You're now at: 1 Molen de SterWe start our tour where the idea for it first started. On 15 May 2017, a group of activists and residents hosted a human rights café at Molen de Ster to discuss what should be done about Lombok's colonial street names. It was decided that, rather than campaign for their removal, a different light should be shed on them and this is what led to the birth of the Bitterzoete Route.
The mill itself dates from 1739 when the Van der Starren family commissioned a new sawmill to be built. In addition to the sawmill itself, there is a miller's house, a servant's house, timber sheds, slipway and beam harbour still on the site. Wood was an important material in the eighteenth century, with sawmills such as this one producing timber for the production of VOC ships. This particular sawmill, however, produced timber for houses and beer barrels, among other things. Between 1988 and 1999 plans were made to renovate the sawmill. The rise of electricity had made it largely obsolete and the Stichting de Sterremolen (Sterremolen Foundation) was established to prevent the demolition of this 'cultural-historical monument'. The mill was re-opened on 22 June 1999 (1). Today, the mill and the yard are used as a meeting and wedding location, as well as a cultural centre with a café and a terrace area. On Saturdays, the mill's sails can sometimes be seen rotating if the winds allow it.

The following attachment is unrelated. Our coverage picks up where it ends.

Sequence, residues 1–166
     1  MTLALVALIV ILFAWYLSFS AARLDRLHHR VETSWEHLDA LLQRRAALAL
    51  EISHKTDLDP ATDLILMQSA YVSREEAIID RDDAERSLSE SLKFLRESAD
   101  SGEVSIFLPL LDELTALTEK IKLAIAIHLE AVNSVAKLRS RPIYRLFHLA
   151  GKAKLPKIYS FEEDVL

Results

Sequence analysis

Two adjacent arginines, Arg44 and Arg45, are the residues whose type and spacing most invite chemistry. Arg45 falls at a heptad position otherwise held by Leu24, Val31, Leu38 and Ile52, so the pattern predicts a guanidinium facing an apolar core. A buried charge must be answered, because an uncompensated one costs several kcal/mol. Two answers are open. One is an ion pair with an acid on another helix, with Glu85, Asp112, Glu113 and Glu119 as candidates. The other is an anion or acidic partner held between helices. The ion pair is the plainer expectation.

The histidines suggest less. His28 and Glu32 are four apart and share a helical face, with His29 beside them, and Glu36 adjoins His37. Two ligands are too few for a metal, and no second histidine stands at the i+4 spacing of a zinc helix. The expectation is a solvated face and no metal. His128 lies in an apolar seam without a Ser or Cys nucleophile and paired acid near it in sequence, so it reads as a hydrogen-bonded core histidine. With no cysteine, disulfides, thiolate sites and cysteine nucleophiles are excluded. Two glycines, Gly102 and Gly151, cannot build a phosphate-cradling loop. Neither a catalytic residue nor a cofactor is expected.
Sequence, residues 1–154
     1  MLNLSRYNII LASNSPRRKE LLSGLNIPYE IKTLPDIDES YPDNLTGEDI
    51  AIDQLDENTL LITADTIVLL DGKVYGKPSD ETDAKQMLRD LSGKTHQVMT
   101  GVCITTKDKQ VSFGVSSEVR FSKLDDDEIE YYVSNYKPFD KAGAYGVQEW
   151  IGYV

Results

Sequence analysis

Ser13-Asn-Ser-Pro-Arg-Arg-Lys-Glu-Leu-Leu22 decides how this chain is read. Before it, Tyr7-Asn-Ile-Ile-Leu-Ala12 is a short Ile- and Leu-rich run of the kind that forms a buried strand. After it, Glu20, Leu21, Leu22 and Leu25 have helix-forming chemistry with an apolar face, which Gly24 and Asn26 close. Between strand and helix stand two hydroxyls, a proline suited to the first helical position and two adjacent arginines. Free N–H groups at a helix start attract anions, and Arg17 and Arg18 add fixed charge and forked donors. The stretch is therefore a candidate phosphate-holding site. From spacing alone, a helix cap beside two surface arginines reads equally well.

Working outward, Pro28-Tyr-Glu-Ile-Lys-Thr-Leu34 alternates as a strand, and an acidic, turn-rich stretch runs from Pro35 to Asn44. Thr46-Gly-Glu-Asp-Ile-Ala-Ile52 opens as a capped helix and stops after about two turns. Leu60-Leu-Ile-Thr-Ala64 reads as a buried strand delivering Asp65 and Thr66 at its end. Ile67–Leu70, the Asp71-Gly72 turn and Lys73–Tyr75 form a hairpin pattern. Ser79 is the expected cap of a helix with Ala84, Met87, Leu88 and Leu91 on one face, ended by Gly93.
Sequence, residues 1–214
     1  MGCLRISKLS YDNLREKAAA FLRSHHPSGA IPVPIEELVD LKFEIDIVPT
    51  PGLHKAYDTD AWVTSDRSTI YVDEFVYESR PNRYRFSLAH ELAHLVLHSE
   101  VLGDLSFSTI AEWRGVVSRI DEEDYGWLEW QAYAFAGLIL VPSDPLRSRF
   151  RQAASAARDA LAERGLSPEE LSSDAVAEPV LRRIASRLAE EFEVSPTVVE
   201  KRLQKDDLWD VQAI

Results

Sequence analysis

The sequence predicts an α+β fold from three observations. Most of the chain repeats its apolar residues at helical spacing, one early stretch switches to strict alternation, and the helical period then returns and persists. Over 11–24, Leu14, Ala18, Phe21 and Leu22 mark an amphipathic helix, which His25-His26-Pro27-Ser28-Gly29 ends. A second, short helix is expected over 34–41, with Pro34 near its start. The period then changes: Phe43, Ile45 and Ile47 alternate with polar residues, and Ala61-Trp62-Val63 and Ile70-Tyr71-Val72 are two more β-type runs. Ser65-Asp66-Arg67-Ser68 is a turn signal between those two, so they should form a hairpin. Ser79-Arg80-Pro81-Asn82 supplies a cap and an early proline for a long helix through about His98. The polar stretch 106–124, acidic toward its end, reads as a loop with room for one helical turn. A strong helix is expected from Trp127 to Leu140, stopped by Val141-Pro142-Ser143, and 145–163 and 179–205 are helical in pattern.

- Utrechtse Stichting voor het Industrieel Erfgoed, 'Houtzaagmolen De Ster van houthandel De Wit te Utrecht' (15 february 2016), http://www.usine-utrecht.nl/houtzaagmolen-de-ster-lombok